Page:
Teacher's Notes

all about education

HM King Bhumibol

The teachers and students have been observing a minute’s silence during assembly each morning out of respect for HM King Bhumibol of Thailand who passed away on Thursday 13th October, 2016.

During the first 30 days of mourning the teachers will be wearing white and black and festive activities will be postponed.


The back-to-school assignment: Updated

A new take on an old favourite..
For my first day back at school, I tried a new take on an old favourite – having students select three pictures from their social media accounts which could be used to summarize their holidays. Then ask the students to describe what is happening in the pictures.

This really engaged the learners in the exercise and also enabled them to write about activities they enjoy. It also gives the teacher value insights to the students’ lives.

Virtual Reality Ed-Tech

With teachers becoming increasingly tech-savvy, and technology advancing at break-neck speed, it’s intriguing to wonder what the next big thing in educational technology will be. Ed-Tech insiders believe the answer, which would have seemed like science fiction a decade ago, is the widespread application of virtual reality (VR) technology in schools and colleges.

Virtual reality hardware and software has become increasingly accessible in recent year, driven primarily by the computer gaming industry. Virtual reality headsets have steadily declined in cost and head-mounted displays (HMDs) are now available from $20 for Google Cardboard, Google’s soon to be released Daydream VR is expected to cost $79, Samsung Gear VR is available for $99, and for those with deeper pockets, the Oculus Rift, can be bought for $599. As the VR market grows and demand increases, the prices for these devices are set to fall further, which will make them a reasonable option for more educational institutions.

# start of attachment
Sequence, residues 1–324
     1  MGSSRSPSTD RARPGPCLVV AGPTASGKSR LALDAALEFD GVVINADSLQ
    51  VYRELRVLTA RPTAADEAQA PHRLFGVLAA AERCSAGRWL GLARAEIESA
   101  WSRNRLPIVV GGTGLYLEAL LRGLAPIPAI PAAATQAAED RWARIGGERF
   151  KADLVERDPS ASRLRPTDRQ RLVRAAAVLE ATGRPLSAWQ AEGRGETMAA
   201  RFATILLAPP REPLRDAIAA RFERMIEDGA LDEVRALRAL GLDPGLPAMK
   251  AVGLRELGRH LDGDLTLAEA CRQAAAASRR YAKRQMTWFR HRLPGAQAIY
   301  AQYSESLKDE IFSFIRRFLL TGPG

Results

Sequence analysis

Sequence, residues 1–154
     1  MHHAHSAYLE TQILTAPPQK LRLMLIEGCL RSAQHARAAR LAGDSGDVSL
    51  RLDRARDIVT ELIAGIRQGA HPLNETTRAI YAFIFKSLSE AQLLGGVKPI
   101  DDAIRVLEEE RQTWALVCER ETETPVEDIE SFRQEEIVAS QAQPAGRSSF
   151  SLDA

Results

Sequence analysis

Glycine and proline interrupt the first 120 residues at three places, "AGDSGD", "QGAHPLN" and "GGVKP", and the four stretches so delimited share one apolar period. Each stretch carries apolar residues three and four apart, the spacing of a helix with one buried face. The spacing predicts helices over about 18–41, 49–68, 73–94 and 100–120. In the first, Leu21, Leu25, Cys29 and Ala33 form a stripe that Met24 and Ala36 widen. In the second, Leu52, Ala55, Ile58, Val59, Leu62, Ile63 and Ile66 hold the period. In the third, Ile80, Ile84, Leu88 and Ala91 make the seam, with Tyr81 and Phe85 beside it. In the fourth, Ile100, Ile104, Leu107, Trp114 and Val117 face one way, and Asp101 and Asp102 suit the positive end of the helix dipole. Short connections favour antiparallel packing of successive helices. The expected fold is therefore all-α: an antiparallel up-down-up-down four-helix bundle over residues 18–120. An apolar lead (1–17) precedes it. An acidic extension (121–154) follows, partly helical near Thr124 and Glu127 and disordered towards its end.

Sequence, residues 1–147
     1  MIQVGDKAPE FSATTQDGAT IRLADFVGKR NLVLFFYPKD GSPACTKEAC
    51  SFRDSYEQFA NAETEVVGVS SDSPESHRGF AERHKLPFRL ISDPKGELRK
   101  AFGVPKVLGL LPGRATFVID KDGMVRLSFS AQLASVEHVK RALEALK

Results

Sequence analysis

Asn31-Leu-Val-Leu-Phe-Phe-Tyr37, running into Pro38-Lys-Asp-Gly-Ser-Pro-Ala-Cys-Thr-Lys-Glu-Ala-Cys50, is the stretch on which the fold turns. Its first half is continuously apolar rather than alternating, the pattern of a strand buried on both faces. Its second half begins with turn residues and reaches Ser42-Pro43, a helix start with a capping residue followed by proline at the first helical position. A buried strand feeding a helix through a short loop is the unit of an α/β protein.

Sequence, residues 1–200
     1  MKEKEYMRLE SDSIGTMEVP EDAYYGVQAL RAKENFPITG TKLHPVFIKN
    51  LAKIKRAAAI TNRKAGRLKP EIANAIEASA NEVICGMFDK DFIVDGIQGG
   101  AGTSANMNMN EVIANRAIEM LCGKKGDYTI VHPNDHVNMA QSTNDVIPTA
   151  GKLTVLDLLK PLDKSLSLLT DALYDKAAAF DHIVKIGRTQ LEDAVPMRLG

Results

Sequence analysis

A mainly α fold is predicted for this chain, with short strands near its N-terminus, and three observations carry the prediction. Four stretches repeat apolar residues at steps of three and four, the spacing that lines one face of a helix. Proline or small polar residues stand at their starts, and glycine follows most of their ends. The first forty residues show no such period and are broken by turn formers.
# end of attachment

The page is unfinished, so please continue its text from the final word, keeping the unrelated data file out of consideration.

In the States a number of tech companies (including zSpace, Alchemy VR and Immersive VR Education) have long realised the potential of these resources and have already developed educational curriculum, content packages and teacher training programmes to support schools with the adoption of VR assisted learning in the classroom. More tech developers are expected to join the sector in the coming years and analysts predict the VR education industry will be worth $100 billion by 2020.

Early Innovators

As with all new learning technologies, the challenge for schools and colleges will be adopting and implementing these resources to ensure there are benefits which enhance student learning. Two educational organisations leading the adoption of VR assisted learning are the San Francisco Unified School District and Polk County Public Schools in Florida. The students in these school districts have been using Nearpod VR with Google Cardboards to enhance their learning by taking virtual field trips through the ancient pyramids of Egypt, the Great Barrier Reef, Easter Island and Mars.

The Possibilities

While VR can be an incredible resource for teaching history by bringing lost civilizations back to life and enabling students to explore these cities and witness the way of life ‘first hand’, there are plenty more applications for VR besides field trips. Virtual reality can be used in many areas of the curriculum, including Physics, Chemistry, Biology, Mathematics, English, Geography and Languages, with interactive simulations that enable learners to engage with advanced theories and concepts.

Virtual Reality technology could also provide the opportunity for students to participate in exchange programmes with schools from other parts of the world. Imagine taking your class on an exchange trip to a school in Asia or South America for the day. – what a great way to increasing multicultural understanding among young students!